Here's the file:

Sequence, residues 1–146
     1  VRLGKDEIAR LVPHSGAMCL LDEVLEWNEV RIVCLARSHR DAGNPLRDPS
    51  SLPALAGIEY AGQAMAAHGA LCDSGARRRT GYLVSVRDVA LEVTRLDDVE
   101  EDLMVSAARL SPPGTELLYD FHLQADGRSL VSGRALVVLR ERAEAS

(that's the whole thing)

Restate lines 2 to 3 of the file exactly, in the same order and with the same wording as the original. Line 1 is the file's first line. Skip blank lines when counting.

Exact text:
     1  VRLGKDEIAR LVPHSGAMCL LDEVLEWNEV RIVCLARSHR DAGNPLRDPS
    51  SLPALAGIEY AGQAMAAHGA LCDSGARRRT GYLVSVRDVA LEVTRLDDVE